• Fuel Management in Nuclear Reactors
• Reactor Containment Systems
• Advanced Reactor Control
• Computational Fluid Dynamics
• Software Quality Management
Doctoral graduates in nuclear engineering typically go on to teach the discipline at the university level and/or conduct research in the field. They may also work in the areas of nuclear reactor design or diagnostic medical equipment design.
Degrees Similar to Nuclear Engineering
Aerospace engineering degree programs teach the analytical, computational, and engineering and design skills needed to work in the aerospace industry. Students learn how to apply this knowledge to the manufacturing, testing, and monitoring of civil or commercial aircraft, military aircraft, missiles, rockets, spacecraft, lunar vehicles, and space stations.
Astronomy degree programs teach students about celestial bodies and the energy and forces exerted by their interaction. This means that the curriculum is concerned with the study of objects in space, from the smallest neutrinos to planets, stars, solar systems, galaxies, asteroids, comets, and black holes. Students learn about when these objects were born, how they evolved, how some of them became extinct, and how they move in space. They develop skills to theorize about the origin of the cosmos and to predict future events in the universe. In addition, they study the mechanics involved in building and deploying space stations, satellites, space crafts, and transportation systems.
Simply stated, biomedical engineering uses engineering to solve health and medical problems. For example, a biomedical engineer might look for chemical signals in the body that warn of a particular disease or condition.
Chemistry is the science that deals with identifying the substances that make up matter. Degree programs in chemistry focus on investigating these substances: their properties; how they interact, combine, and change; and how scientists can use chemical processes to form new substances.
This degree field is focused on the processes of design and planning of civil infrastructure like roads, tunnels, bridges, dams, railroads, and airports. In their work, civil engineers are concerned with such things as how much weight a structure can support and the environmental issues presented by construction. The emphasis of civil engineering degree programs is math, statistics, engineering systems and mechanics, building codes, and statistical analysis.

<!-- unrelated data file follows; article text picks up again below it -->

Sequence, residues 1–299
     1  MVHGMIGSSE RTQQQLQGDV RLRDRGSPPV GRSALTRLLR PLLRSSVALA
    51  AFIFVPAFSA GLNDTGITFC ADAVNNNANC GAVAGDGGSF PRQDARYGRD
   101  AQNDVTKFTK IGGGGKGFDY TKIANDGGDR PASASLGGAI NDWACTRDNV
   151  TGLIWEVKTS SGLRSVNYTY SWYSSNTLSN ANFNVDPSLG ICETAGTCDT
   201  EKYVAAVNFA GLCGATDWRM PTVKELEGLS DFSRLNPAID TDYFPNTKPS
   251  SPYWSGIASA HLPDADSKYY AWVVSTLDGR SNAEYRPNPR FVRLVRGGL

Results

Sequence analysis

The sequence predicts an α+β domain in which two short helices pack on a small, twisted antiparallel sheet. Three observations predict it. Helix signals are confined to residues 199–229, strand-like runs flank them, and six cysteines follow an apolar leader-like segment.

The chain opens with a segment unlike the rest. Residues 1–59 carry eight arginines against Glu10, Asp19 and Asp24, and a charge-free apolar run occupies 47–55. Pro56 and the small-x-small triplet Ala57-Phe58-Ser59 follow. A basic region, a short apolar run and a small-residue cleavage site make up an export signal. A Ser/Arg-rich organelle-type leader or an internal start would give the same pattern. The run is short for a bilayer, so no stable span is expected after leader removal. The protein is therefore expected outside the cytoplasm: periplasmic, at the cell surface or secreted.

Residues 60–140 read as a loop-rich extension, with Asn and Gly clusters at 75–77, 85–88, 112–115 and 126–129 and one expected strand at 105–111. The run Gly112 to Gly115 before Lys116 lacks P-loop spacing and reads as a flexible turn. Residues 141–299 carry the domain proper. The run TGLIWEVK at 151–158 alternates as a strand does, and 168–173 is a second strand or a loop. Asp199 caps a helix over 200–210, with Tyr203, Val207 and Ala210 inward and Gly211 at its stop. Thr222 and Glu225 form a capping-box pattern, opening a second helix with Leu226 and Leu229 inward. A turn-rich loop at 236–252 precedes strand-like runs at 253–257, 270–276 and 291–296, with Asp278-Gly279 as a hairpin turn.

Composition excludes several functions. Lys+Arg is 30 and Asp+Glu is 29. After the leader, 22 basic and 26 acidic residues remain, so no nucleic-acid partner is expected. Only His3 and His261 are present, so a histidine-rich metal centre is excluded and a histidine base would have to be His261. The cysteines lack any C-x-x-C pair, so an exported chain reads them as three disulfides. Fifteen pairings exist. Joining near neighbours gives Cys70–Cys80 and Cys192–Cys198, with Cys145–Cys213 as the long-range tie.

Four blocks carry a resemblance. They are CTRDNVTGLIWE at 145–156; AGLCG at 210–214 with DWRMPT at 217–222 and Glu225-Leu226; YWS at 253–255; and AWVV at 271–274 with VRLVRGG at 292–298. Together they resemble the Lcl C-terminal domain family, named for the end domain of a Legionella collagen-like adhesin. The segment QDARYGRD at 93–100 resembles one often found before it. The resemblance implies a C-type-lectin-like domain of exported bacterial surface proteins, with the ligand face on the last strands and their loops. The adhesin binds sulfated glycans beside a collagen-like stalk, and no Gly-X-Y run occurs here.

Students of electrical engineering learn how to use physics, electronics, and electromagnetism to design devices that are powered by or produce electricity. Most degree programs in the field start with foundational classes in calculus, physics, and chemistry.
This branch of engineering is concerned with developing solutions to environmental problems. Environmental engineers work to control air and water pollution, improve recycling and waste disposal, and advance public health.
Students of mechanical engineering learn how to research, design, develop, and test mechanical and thermal devices, including tools, sensors, engines, and machines. These devices serve many industries, including the aerospace, medical, energy, and manufacturing sectors. In addition to coursework in engineering and design, degree programs in the field include classes in mathematics, life sciences, and physical sciences.
Nuclear Engineering Technology
Nuclear engineering technology programs teach the engineering skills required to assist and support nuclear engineers in their work. Classes include computers for engineering technology, physics, nuclear plant design, and safety protocols.
Physics is a field that keeps changing as discoveries are made. This means that the field asks at least as many questions as it answers. Students of physics degree programs study matter and energy. They learn about the relationships between the measurable quantities in the universe, which include velocity, electric field, and kinetic energy.
Skills You'll Learn
In learning to become nuclear engineers students learn that the work involves designing complex facilities and systems, working with other engineers, and always being aware of potential hazards. Throughout their education in the field, they develop the following transferable skills:
• Ability to visualize complex processes
• Attention to detail
• Creativity, patience, and persistence
• Critical thinking and problem-solving
• Dedication to ongoing learning
• Laboratory skills
• Logical thinking
• Mathematical and computer skills
• Planning and organization
• Project management
• Report writing and documentation
• Research and data analysis
• Respect for the environment
• Safety awareness
What Can You Do with a Nuclear Engineering Degree?
Nuclear engineering graduates are hired by various sectors, including:
• Nuclear power plants
• Nuclear research reactors
• Nuclear regulatory organizations
• Nuclear engineering firms
• Nuclear fuel fabrication
• Nuclear waste treatment
• Radio-isotope production (radio-isotopes are used in medical diagnosis, scientific research, and to test thickness of materials and structural integrity)
• Electric power generation, transmission, and distribution
• Scientific research and development (with government and industrial laboratories)